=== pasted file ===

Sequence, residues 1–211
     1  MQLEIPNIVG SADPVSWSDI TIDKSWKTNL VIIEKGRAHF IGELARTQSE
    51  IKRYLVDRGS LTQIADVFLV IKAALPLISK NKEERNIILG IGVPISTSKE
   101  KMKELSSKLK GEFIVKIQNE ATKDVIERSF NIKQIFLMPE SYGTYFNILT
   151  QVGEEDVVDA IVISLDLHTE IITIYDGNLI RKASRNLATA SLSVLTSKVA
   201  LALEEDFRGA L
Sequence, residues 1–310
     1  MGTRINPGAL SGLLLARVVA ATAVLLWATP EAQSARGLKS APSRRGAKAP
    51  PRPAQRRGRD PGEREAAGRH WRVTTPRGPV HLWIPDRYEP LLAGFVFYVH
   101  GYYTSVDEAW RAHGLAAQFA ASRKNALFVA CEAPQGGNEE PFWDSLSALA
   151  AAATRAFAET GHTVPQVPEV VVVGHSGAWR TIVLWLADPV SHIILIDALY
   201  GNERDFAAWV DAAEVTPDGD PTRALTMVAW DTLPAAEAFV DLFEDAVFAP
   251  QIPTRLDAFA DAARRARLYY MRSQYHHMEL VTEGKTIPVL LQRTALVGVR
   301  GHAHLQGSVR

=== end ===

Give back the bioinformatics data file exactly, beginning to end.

Sequence, residues 1–211
     1  MQLEIPNIVG SADPVSWSDI TIDKSWKTNL VIIEKGRAHF IGELARTQSE
    51  IKRYLVDRGS LTQIADVFLV IKAALPLISK NKEERNIILG IGVPISTSKE
   101  KMKELSSKLK GEFIVKIQNE ATKDVIERSF NIKQIFLMPE SYGTYFNILT
   151  QVGEEDVVDA IVISLDLHTE IITIYDGNLI RKASRNLATA SLSVLTSKVA
   201  LALEEDFRGA L
Sequence, residues 1–310
     1  MGTRINPGAL SGLLLARVVA ATAVLLWATP EAQSARGLKS APSRRGAKAP
    51  PRPAQRRGRD PGEREAAGRH WRVTTPRGPV HLWIPDRYEP LLAGFVFYVH
   101  GYYTSVDEAW RAHGLAAQFA ASRKNALFVA CEAPQGGNEE PFWDSLSALA
   151  AAATRAFAET GHTVPQVPEV VVVGHSGAWR TIVLWLADPV SHIILIDALY
   201  GNERDFAAWV DAAEVTPDGD PTRALTMVAW DTLPAAEAFV DLFEDAVFAP
   251  QIPTRLDAFA DAARRARLYY MRSQYHHMEL VTEGKTIPVL LQRTALVGVR
   301  GHAHLQGSVR